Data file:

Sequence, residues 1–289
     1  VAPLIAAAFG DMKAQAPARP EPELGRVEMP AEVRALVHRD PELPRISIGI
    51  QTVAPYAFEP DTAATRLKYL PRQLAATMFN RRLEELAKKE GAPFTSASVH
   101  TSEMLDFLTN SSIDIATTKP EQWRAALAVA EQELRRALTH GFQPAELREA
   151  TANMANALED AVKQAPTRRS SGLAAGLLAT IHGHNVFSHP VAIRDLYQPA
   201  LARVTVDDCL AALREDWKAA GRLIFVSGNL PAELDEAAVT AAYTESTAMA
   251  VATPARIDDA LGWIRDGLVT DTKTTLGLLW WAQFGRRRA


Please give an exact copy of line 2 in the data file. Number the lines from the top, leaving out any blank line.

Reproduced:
     1  VAPLIAAAFG DMKAQAPARP EPELGRVEMP AEVRALVHRD PELPRISIGI